In his maiden monetary policy statement, RBI governor Raghuram Rajan made it clear that the delay of the US Federal Reserveís tapering of quantitative easing is just that, and RBI will prepare for the taper nevertheless. He further emphasised that the extraordinary liquidity measures taken to prop up the rupee will be gradually unwound and the policy framework normalised by making the repo rate the key indicator.
RBI has brought the focus back on inflation but are you looking at WPI (wholesale Price inflation) or CPI (consumer price inflation) and is there a bias on which one is more important?
The RBI has always looked at both rates. We have to take everything into account because WPI for instance doesn't take into account a significant portion of services inflation. So you canít just focus on one. The RBI has historically focussed on a number of these and at certain points, the RBI has focused on one more than the others. But there is no permanent bias.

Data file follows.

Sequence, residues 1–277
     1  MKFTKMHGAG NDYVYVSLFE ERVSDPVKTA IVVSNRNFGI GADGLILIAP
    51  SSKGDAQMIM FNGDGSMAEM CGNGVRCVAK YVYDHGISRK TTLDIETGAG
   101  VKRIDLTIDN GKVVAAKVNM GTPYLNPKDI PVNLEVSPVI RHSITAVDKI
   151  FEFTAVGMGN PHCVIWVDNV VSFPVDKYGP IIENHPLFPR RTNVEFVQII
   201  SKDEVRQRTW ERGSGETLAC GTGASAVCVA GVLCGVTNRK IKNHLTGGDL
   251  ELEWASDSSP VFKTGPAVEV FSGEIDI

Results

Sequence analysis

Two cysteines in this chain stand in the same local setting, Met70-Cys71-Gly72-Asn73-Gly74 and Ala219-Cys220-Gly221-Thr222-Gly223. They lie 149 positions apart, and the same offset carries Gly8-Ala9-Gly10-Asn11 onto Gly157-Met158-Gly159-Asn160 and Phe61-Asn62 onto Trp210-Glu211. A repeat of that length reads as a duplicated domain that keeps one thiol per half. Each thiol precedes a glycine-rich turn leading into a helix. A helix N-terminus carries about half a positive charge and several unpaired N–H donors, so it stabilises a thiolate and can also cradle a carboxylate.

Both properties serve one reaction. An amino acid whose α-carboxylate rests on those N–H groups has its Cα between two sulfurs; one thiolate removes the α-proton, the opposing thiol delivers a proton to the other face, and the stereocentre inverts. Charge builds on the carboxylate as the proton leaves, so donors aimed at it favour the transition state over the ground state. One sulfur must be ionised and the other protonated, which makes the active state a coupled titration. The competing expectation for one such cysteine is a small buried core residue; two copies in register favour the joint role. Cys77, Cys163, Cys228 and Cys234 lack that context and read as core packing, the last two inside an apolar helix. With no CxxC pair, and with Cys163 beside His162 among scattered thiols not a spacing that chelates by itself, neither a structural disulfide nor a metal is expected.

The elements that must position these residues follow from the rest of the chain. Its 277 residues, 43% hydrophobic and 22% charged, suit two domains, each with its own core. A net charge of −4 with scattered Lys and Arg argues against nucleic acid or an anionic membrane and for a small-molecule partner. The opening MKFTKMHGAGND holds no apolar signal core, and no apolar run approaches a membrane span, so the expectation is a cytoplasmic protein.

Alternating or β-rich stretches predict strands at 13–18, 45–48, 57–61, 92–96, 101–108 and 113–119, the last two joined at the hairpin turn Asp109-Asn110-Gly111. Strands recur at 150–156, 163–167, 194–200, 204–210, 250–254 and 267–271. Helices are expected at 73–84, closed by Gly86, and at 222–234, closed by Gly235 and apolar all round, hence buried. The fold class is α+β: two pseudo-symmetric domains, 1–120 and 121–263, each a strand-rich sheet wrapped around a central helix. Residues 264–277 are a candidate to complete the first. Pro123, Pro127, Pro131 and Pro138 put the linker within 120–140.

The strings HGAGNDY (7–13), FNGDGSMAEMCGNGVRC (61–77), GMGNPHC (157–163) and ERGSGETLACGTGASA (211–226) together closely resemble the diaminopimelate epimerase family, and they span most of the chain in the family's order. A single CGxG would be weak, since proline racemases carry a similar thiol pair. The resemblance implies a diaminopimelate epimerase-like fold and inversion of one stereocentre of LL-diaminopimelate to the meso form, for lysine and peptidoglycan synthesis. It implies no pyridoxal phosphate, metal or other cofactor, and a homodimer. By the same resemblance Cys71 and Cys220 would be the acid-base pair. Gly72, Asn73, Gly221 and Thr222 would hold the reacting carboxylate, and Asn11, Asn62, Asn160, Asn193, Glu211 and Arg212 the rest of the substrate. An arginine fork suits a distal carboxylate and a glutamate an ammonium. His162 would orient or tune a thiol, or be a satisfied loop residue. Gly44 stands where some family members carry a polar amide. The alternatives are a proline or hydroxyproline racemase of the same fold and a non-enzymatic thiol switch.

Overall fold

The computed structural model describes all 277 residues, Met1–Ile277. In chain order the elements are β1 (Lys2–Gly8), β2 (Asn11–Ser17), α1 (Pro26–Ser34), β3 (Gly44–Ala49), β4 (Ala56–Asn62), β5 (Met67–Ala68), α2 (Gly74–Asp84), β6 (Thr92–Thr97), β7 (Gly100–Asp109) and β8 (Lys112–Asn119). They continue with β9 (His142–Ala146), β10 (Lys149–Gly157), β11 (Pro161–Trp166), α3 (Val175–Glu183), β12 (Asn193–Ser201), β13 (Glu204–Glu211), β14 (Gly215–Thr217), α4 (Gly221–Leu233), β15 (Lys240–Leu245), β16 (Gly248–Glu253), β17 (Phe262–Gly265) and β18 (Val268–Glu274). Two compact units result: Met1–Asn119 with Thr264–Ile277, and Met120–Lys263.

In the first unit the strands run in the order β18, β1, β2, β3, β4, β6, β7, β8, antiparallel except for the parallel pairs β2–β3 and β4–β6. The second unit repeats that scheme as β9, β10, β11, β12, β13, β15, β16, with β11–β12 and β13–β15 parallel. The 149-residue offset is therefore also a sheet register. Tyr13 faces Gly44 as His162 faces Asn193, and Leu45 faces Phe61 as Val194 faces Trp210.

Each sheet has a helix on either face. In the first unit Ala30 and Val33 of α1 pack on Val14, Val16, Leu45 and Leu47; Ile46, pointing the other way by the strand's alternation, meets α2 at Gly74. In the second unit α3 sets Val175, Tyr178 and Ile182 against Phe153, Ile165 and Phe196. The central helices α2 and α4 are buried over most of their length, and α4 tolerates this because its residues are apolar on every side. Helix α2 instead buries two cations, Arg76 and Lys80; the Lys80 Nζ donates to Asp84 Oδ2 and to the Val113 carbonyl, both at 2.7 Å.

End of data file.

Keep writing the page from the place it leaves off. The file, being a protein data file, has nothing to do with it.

When you say LAF-MSF corridor will be reduced, does that mean that repo rate will have to rise and not just MSF being cut?
I don't know. But, I can tell you almost surely MSF will do much of the walking. Remember, we have to wait and look at the economic conditions to determine what the next step will be. It can be two-way. So it could be that we walk more on the MSF side. At this point, I am entirely neutral on the next step.
What do you expect bankers to transmit from today's policy moves?
I expect them to set rates appropriate to their cost of funding. I hope they will look at their cost of funding and how it has changed to make that decision, not look into the future and try and anticipate some hypothetical cost. I don't want to micromanage that process. The repo rate hike affects 0.5% of banks' funds and bulk of the funds cost will come down from 75 bps. So that should swamp any effect of the repo rate hike.
Will you eventually lift the other curbs on currency trading